View single post by Johan Steele
 Posted: Sun Feb 24th, 2008 04:42 pm
 PM  Quote  Reply  Full Topic 
Johan Steele
Life NRA,SUVCW # 48,Legion 352

Joined: Sat Dec 2nd, 2006
Location: South Of The North 40, Minnesota USA
Posts: 1065

  back to top

samhood wrote: Johan:

In an earlierr post you stated that Hood's first two attacks on Sherman (Peachtree Creek and Atlanta [Decatur]) were Johnston's plans.  But you criticize Hood for those attacks.  You seem reasonable and learned (I'm being sincere here,) please explain.  BTW...I have heard that Peachtree Creek was probably Johnston's conception, but I've not heard that Atlanta (Decatur) was Johnston's plan.  You are quite correct, my fingers got well ahead of my brain. 

I believe that Hardee was not considered to replace Johnston because Hardee had declined command of the AoT when offered to him after Missionary Ridge.  All other options other than Hood probably didn't appeal too much to Davis and the CS High Command.  The CS was running dreadfully low on senior generals by the summer of 1864 (Longstreet was wounded) so they had few options...Hood being the best of a bad (for the want of a better word) lot.  The Georgia newspapers and public were demanding aggressive action against Sherman, and Hood was the best choice to deliver that. I just don't see Hood as a choice at all, to me Davis was running out of his cronies... Popular demand replacing a General is not the way to win a war.  Listening to armchair generals is even worse.  An interesting quote...Kate Cumming wrote in her Journal of a Confederate Nurse, “Feb. 26, 1865: It is reported that General Johnston has taken command of the Tennessee Army or rather what is left of it.  This has given universal satisfaction, but no one can tell for how long, as that hydra-headed monster—the people—is a little inclined to be fickle.  I have been told that before General Hood took command, the people of Georgia sent many a petition to the president, asking him to remove General Johnston, as he was permitting the enemy to lay waste to the country.”

At Nashville Hood did more than lay seige and hope for a mistake by Thomas.  He sent Forrest and Bate to attack the Federals at Murfreesboro, And they were soundly beaten there.  Hood couldn't win at Nashville by hoping Thomas was stupid enough to let smal units be gobbled up by Hood.  Thomas was competant and frankly had Hood well in hand.  Hood let him by trying to beseige a much larger force w/out being able to cut or even seriously interdict their supply lines.  hoping to lure Thomas into sending reinforcements, where they might be attacked en route.  And Hood begged for reinforcements, Breckinridge in VA and from Mobile.  He and Beauregard also asked Kirby Smith to make a demonstration into Missouri to freeze AJ Smith's troops there and keep them from being sent to Thomas.  AJ Smith's two Division had just made a march that frankly eclipsed any march made by any other troops in US History.  They were arguably the toughest on either side of the line and it has been argued that they were the men that won the battle of Nashville.  But two less Divisions would not have made a difference, it was still Thomas against Hood and Hood was outclassed, outnumbered and outmanuevered in that two day scrap.  AJ Smith's men were not the only troops in Missouri, a fact Rosecrans used to his advantage.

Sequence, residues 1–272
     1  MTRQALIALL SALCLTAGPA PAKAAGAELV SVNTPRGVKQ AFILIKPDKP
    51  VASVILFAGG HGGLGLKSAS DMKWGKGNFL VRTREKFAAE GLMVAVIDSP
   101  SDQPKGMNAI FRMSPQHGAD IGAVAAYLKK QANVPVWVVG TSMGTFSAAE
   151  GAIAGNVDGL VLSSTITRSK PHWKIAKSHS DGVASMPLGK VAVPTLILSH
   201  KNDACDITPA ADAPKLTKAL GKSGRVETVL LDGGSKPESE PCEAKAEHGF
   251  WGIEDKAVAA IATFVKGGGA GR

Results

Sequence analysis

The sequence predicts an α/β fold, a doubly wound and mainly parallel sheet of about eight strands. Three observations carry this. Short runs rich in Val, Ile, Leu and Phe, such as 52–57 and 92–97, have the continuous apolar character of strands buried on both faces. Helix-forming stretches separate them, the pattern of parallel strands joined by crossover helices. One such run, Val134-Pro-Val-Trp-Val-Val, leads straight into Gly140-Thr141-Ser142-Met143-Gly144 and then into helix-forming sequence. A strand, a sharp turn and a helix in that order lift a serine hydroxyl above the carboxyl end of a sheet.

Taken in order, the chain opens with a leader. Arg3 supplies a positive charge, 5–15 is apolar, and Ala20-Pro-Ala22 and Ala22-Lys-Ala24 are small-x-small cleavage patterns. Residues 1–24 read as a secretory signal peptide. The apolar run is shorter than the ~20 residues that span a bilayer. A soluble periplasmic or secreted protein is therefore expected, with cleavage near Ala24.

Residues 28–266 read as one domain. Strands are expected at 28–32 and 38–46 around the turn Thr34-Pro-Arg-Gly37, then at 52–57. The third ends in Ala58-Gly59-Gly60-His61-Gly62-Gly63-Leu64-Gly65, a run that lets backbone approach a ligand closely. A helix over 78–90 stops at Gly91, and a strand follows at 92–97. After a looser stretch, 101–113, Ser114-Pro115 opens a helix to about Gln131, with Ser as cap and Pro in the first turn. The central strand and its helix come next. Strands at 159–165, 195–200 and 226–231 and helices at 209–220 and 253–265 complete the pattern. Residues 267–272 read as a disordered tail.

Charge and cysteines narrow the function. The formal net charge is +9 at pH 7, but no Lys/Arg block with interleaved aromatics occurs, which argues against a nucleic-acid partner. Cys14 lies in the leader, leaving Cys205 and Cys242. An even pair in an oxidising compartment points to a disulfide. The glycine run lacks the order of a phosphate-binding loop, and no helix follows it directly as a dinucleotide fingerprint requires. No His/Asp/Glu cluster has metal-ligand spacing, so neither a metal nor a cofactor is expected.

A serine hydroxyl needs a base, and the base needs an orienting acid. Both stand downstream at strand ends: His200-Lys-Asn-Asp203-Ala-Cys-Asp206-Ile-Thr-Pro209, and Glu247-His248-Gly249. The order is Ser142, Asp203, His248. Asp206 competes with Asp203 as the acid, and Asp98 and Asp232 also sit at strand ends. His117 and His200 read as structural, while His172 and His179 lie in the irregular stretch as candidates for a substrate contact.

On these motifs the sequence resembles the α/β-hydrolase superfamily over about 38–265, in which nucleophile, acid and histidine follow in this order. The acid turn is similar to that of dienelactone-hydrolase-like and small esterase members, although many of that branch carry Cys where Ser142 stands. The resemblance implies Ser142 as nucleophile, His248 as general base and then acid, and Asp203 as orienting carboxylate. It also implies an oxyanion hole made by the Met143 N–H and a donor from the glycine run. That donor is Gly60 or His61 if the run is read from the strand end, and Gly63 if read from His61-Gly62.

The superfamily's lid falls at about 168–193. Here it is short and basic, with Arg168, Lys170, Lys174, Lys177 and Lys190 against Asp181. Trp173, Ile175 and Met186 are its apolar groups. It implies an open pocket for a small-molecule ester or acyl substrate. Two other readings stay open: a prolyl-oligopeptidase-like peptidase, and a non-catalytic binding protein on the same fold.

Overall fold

We'll respectfullly disagree on whether Hood should have attacked at Franklin.  It failed, but he had reasons.  And had Opdycke not been where he was (without permission) Schofield might have been routed.  Again we deal w/ a what if... if Hood hadn't attacked he wouldn't have wrecked his army.


I can agree to respectfully disagree; I just don't see that many redeeeming qualities in Hood as an Army commander and I find his behind the back politiking particularly appaling and frankly bordering on cowardice.  He failed at every operation he attempted w/ the AoT US.  Failure doesn't get my vote, success does.

 Close Window